David Drake's April 12, 1858 25-Gallon Poem Jar: A Very Large Jar Which Has Four Handles


Summer 2021 Stoneware Auction

Lot #: 1

Price Realized: $1,560,000.00

($1,300,000 hammer, plus 20% buyer's premium)

PLEASE NOTE:  This result is 3 years old, and the American ceramics market frequently changes. Additionally, small nuances of color, condition, shape, etc. can mean huge differences in price. If you're interested in having us sell a similar item for you, please contact us here.

Auction Highlight:  Greatest Hits | Summer 2021 Auction | Southern Pottery | Edgefield Stoneware | David Drake Pottery

Summer 2021 Auction Catalog

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Highly Important Twenty-Five-Gallon Four-Handled Stoneware Jar with Alkaline Glaze, Inscribed "A very Large Jar which has 4 handles / pack it full of fresh meats- then light candles," Signed "Lm . April 12 . 1858 / Dave," David Drake at Lewis Miles' Stony Bluff Manufactory, Edgefield District, SC, 1858, exceptionally large-sized, ovoid jar with semi-rounded rim and four curved slab handles. Surface covered in a poured alkaline glaze featuring raised olive-green streaks over a mottled brown and green ground. Incised across the shoulder in large script, "A very Large Jar which has 4 handles / pack it full of fresh meats- then light candles." Reverse shoulder incised in large script, "Lm . April 12 . 1858 / Dave." Incised between two handles with twenty-five small slash marks, denoting twenty-five gallons.

Discovered fifty years ago by the iconic Southern folk historian and author, Dr. John Burrison, this jar ranks among David Drake's greatest known works. Several factors--its size, form, glaze, and, most importantly, inclusion of an incised poem--define it as such. Measuring an imposing twenty-five gallons, the jar is among the largest signed examples of Drake's work known. Few of larger capacity have been documented. The vessel's grand proportions are denoted by twenty-five short incised slash marks, haphazardly scrawled in rows, between two handles. The jar is one of only four documented examples of Drake's signed work to feature his four-handled form--the decorative zenith of his output as a potter. Such pieces were designed with four handles because they were so large they would require multiple people to carry them, even without anything inside. A strictly Southern form, the four-handled jar is also seen on rare occasion in the work of other regional potters, including fellow Edgefield potter, Thomas Chandler, and the Lincoln County, NC potter, Daniel Seagle. Drake produced the largest known examples. Too large to dip for glazing, the vessel required a spontaneously-poured glaze, which imparts an active, vertically-flowing appearance to the surface. Different concentrations of the poured glaze produced different colors and textures on the jar's fired surface, with the heavier areas of application appearing as smooth and glossy raised stripes of olive-green. Such multi-toned glaze treatments are regarded as Drake's most visually striking and desirable. Of particular note is the exceptional luster of the glaze on this example, which is not seen in all of Drake's work.

The jar's incised poem directly comments on the object's unusual form and the purpose of it: "A very Large Jar which has 4 handles / pack it full of fresh meats- then light candles." Leonard Todd argues in his book, Carolina Clay: The Life and Legend of the Slave Potter Dave, that this particular couplet refers to the sealing of pottery jars with candle wax for preservation purposes (Todd, p. 241). Less than thirty-five intact David Drake poem vessels have been documented. All are considered highly important artifacts from a period when teaching an enslaved person to read or write was either discouraged or outright illegal. Today, Drake's poem vessels are viewed as a defiant contradiction to the social construct of the period and, more intimately, as a window into the mind and personality of one enslaved artist. Through inscribing his ware, Drake was granted an identity as an artist that other enslaved craftsmen, now lost to history, would never find. The jar continues with an inscription on the opposite side: "Lm . April 12 . 1858 / Dave," which includes the initials of Drake's owner during this period, Lewis Miles, who operated a stoneware manufactory at Stony Bluff, located in the Horse Creek Valley region of South Carolina's Edgefield District from 1840 t0 1868. The jar's inscribed date places it within a three-week span of March 31 to April 21, 1858, from which four large poem jars have survived--a period of heightened expression by the potter, which may never fully be explained. From this group, a two-handled jar currently on display at the Metropolitan Museum of Art was produced just nine days after the jar to be auctioned, and includes both a poem and dedication to the vessel's owner.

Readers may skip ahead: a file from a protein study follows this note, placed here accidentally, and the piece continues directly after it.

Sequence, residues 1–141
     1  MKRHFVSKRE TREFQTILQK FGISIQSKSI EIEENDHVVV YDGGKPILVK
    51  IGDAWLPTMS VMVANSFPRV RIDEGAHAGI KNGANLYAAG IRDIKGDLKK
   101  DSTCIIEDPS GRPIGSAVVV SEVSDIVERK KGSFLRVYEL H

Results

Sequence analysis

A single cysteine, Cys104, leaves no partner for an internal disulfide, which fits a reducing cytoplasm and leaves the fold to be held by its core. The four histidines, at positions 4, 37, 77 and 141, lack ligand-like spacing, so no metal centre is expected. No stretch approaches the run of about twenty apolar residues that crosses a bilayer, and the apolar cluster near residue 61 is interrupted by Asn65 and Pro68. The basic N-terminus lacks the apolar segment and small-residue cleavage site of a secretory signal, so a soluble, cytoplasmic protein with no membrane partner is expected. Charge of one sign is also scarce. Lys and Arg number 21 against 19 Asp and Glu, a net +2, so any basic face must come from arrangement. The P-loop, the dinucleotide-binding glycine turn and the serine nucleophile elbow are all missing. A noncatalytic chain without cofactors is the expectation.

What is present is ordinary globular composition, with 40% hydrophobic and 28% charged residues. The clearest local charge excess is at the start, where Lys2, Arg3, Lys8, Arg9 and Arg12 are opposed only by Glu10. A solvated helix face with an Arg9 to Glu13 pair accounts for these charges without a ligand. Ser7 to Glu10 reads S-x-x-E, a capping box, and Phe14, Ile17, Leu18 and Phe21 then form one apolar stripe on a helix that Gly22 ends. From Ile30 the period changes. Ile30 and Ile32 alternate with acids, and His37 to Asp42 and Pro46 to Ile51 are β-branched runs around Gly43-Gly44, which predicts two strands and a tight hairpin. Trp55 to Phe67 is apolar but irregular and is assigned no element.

Dr. Burrison's four-handled "Dave" poem jar embodies all of the characteristics one seeks in Drake's finest work, qualified by its poetic couplet, size, form, and glaze. With the rise in awareness of David Drake as one of America's leading African-American artists, this jar can, on a broader level, also be regarded as one of the greatest ceramic objects ever produced in this country. As a limited number of his poem vessels have survived, the majority of which are currently housed in the nation's leading institutions, our Summer 2021 auction offers an extremely rare opportunity that may never arise again. Provenance: Collection of Dr. John A. Burrison, Atlanta, GA; on loan to the Atlanta History Center, Atlanta, GA since 1981. Exhibited: Atlanta History Center Folk Life Gallery, Atlanta, GA since 1981. Literature: This jar is among the most widely-published American ceramic works that we are aware of. Select publication history includes the following: Illustrated in Burrison, John A. Brothers in Clay: The Story of Georgia Folk Pottery. Athens, University of Georgia Press, 2008, pp. 20-21; Illustrated and discussed in Burrison, John A. Shaping Traditions: Folk Arts in a Changing South. Athens, University of Georgia Press, 2000, pp. 5-7; Discussed in Burrison, John A. "Dave the Potter and His Place in American Ceramic History," part of the transcribed and published symposium, Pottery, Poetry and Politics Surrounding the Enslaved African-American Potter, Dave. Columbia, University of South Carolina, 1998, p. 28; Discussed in Burrison, John A. "African-American Folk Pottery in the South," Southern Folklore Quarterly 42, 1978; Discussed in Vlach, John Michael. The Afro-American Tradition in Decorative Arts. Athens, University of Georgia Press, 1990 (originally published Cleveland, Cleveland Museum of Art, 1978), p. 79; Discussed in Chaney, Michael A., ed., Where is All My Relation? The Poetics of Dave the Potter. Oxford, Oxford University Press, 2014, pp. 37, 92, 138, and 144; Poem listed in Baldwin, Cinda K. Great and Noble Jar: Traditional Stoneware of South Carolina. Athens, University of Georgia Press, 1993, p. 195; Mentioned in Miller, James A. "Dave the Potter and the Origins of African-American Poetry" in I made this jar. . . The Life and Works of the Enslaved African-American Potter, Dave. Edited by Jill Beute Koverman, Columbia, University of South Carolina, 1998, p. 57. Also illustrated in Koverman, p. 62. Illustrated and discussed in Todd, Leonard. Carolina Clay: The Life and Legend of the Slave Potter Dave. New York, W.W. Norton & Co., 2008, p. 202, 241; Burns, Sarah and John Davis. American Art to 1900: A Documentary History. Berkeley and Los Angeles, University of California Press, 2009, p. 334; Discussed in Patton, Sharon F. African-American Art. Oxford, Oxford University Press, 1998, p. 65; Mentioned in Sanders, Nancy I. America's Black Founders: Revolutionary Heroes and Early Leaders with 21 Activities, Chicago, Chicago Review Press, 2010, p. 111; Mentioned in Miller, Randall M. and John David Smith, ed. Dictionary of Afro-American Slavery. Westport, Greenwood Publishing Group, 1988, p. 66; Listed in Goldberg, Arthur F. and James Witkowski. "Beneath his Magic Touch: The Dated Vessels of the African-American Slave Potter Dave." Ceramics in America 2006, pp. 67, 86. Four losses to rim, measuring 8 3/4", 6 1/2", 6 1/2", and 4 1/4". A 4" flake to one handle and a 3 1/2" flake to a second handle. A few other small chips to handles. A 3/4" bullet hole to shoulder. A 4 1/2" X-shaped surface line, which occurred in the firing, not visible on the interior. A small base chip. Remarkably, this jar survives with no cracks, a rarity for Dave pieces of this size. H 24 1/2"; Diam. (at rim) 16 3/4" ; Diam. (at widest) approx. 22" ; Circum. approx. 77".